long after the revocation of the Edict of Nantes, the Huguenot
Cross came into general use amongst Huguenots as confirmation
of the wearer's faith.
Huguenot Cross is a symbol of religious loyalty
- a religion so strong that it did not even
fear the stake. Descendants of the Huguenots are not
allowed to forget their origins nor to consider their
religion as being something superficial.
The Huguenot Cross is not only beautiful and symbolic,
but possesses the added charm afforded by the romance
of history and tradition. It recalls a period of valor,
constancy, faithfulness and loyalty to truth. It is becoming
more and more a sign among the descendants of the Huguenots
throughout the entire world.
It is impossible to state precisely the period in which
our Huguenot ancestors adopted the usage of what they
called the Sainted Spirit. It certainly existed before
the Revocation of the Edict of Nantes, 1685. It is worn
as an emblem of their faith.
The Cross consists of an open four-petal Lily of France,
and the petals thereby form a Maltese Cross. The four petals
signify the Four Gospels. Each arm or petal, at the periphery,
has two rounded points at the corners. These points are regarded
as signifying the Eight Beatitudes - Matthew 5: 3-10. The
four petals are joined together by four fleur-de-lis signifying
the Mother Country of France, each of which bears a rounded
point distally. The twelve rounded points described in the
four petals and the four fleur-de-lis signify the Twelve
Apostles. There is formed between each fleur-de-lis and the
arms of the two petals with which it is joined, an open space
taking the shape of a heart which suggests the seal of the
great French Reformer, John Calvin. Suspended from the lower
central petal by a ring of Gold is a pendant dove signifying
the Church under the Cross. In times of persecution, a teardrop
supplanted the dove.
There have been
many different stories arising about the origin of the Huguenot
Cross. Although the stories are numerous, each of them agree
that the Huguenot Cross was first worn in Cevennes. The Huguenot
Cross, although a symbol of religious faith and strength, was
fashioned after a very tragic incident.
While the Huguenots were being prosecuted they had no open gathering
place, therefore their meetings had to be kept from the public. Most
of the meetings were held in caves and the dense forests in Cevennes,
and a member led the gathering. For wedding and chistening ceremonies,
people planned them around the schedule of the preacher and when
he was able to be in the area.
A group of Huguenots had gathered for a double wedding ceremony somewhere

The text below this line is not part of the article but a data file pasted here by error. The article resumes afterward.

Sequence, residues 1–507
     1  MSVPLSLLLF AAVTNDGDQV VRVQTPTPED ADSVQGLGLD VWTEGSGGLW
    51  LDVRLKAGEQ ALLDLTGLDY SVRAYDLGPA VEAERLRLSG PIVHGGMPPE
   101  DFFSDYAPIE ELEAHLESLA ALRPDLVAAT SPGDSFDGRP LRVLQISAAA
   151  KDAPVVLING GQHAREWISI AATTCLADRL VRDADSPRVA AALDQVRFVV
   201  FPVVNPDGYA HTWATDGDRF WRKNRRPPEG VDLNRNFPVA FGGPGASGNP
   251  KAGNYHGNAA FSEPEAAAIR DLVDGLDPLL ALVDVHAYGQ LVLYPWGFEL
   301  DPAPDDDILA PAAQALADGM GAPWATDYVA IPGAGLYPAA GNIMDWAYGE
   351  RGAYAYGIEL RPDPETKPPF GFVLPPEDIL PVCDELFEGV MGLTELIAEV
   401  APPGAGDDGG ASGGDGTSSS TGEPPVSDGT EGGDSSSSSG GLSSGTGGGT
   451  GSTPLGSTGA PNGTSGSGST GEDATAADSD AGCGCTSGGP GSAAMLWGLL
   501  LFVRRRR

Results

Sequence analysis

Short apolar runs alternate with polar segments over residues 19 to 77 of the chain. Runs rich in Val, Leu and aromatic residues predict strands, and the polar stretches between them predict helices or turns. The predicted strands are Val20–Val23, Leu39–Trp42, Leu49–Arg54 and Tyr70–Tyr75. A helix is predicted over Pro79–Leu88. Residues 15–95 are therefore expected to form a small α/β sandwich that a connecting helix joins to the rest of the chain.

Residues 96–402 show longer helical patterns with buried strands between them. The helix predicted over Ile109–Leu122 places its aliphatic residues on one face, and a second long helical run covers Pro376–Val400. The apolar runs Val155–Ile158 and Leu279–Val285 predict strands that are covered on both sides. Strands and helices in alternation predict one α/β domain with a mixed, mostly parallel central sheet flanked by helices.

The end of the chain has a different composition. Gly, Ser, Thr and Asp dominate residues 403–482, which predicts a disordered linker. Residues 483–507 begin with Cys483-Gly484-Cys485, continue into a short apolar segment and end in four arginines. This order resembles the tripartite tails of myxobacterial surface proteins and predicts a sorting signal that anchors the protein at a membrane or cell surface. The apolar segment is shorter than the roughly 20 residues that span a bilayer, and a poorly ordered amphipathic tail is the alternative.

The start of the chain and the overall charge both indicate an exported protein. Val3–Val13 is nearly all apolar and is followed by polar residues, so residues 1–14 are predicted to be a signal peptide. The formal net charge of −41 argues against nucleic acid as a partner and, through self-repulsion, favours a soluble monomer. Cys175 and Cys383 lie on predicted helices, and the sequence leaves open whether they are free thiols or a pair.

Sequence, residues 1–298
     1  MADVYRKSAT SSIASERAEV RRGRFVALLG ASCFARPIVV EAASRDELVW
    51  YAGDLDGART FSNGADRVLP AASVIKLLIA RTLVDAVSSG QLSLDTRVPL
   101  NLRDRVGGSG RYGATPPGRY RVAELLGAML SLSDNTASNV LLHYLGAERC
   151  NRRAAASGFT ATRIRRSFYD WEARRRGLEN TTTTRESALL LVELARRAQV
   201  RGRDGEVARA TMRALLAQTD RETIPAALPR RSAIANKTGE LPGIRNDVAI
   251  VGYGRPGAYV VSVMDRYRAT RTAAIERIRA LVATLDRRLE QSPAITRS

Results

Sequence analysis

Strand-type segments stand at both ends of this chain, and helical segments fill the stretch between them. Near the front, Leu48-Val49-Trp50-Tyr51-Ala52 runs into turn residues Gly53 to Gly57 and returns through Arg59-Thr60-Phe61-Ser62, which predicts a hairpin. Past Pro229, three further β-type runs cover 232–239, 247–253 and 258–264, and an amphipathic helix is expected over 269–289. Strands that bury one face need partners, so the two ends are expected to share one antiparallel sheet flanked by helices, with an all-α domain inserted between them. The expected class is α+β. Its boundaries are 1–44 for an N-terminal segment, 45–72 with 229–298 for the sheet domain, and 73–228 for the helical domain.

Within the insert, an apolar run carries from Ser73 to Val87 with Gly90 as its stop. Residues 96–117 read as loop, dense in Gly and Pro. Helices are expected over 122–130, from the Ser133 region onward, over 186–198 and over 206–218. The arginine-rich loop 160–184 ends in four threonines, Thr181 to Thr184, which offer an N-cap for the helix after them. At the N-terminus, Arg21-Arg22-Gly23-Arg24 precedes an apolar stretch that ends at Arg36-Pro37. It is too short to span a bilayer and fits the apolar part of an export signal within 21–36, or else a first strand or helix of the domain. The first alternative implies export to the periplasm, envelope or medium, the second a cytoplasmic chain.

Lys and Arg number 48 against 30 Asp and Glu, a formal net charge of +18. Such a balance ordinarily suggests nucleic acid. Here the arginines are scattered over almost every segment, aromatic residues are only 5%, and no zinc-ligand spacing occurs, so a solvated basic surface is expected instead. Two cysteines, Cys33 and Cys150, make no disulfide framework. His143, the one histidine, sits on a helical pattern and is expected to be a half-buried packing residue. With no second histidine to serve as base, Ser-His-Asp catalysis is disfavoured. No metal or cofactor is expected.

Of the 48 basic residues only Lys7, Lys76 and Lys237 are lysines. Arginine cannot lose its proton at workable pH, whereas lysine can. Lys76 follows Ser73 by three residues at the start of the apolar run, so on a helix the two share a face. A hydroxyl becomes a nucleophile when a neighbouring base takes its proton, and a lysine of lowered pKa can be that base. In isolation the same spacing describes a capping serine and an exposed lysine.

deep in the Cevennes. Four young couples, deeply in love and excited
at the thought of beginning their lives with their mates were saying
their vows before the Preacher when the French Dragoons burst in
on the festivities. Most of the people escaped capture but two of
the couples being married were not as lucky. They were detained by
the French Dragoons and taken by force to the next town where they
were ordered to make a choice. Denounce their belief in their religion
and become Roman Catholic, or be burned alive at the stake. Their
choice was simple and yet it was as complicated as life. They refused
to compromise their Huguenot beliefs.
At the market square in the middle of town, four large piles of wood
were arranged so that each of the four people that were to burn would
face the others, unable to look away from what was their future mate
as the flames consumed them in a firey death. As the prisoners were
being bound to the stakes they sang loudly, lifting their voices
and prayers to heaven. As the flames rose, so did their voices. The
psalm was their last offering to their Lord, and faded to silence
as the flames consumed them.
Among the crowd, a woman called out loud and true, "I see the
flames rise to heaven. They unite in a mighty dome of fire which
joins the four burning stakes. I see a cross of fire, and in the
centre it shoots its rays to the north, the south, the east and the
west - the Morning Star, the sign of our master, Jesus Christ. Praise
the Lord! He is with us to the end!"
Standing in the crowd, a metal worker from Nîmes heard the
woman as he watched the tragic death. Later, the man made a medallion
close to the size of a five cent piece. The center cloned the Maltese
Cross which is the symbol of the Crusaders. Each of the four arms
were connected with a smaller circle, which makes reference to the
flames that united the couples. The space between the arms became
small hearts as his work progressed as a reminder of the love that
was shared and the conviction that they held dear. Their beliefs
were not cast aside even at the consequence of death. Their wedding
day was cut short, as also were their lives.
The small medallion was then taken by Huguenots everywhere as their
Afterwards, the cross was made of silver and gold even though some
were still made of iron and lead. Added as a symbol of the Holy Ghost
was the dove of peace. When the revocation of the Edict of Nantes
was handed down, and in times of persecution, the Huguenots replaced
the dove with a tear drop shaped pearl, symbolising a tear.